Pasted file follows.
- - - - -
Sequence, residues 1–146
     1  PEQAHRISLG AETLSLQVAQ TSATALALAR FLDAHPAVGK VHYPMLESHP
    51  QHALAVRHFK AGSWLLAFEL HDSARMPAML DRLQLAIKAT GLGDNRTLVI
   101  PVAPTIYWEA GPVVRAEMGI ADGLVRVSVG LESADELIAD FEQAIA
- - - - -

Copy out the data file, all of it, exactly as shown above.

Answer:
Sequence, residues 1–146
     1  PEQAHRISLG AETLSLQVAQ TSATALALAR FLDAHPAVGK VHYPMLESHP
    51  QHALAVRHFK AGSWLLAFEL HDSARMPAML DRLQLAIKAT GLGDNRTLVI
   101  PVAPTIYWEA GPVVRAEMGI ADGLVRVSVG LESADELIAD FEQAIA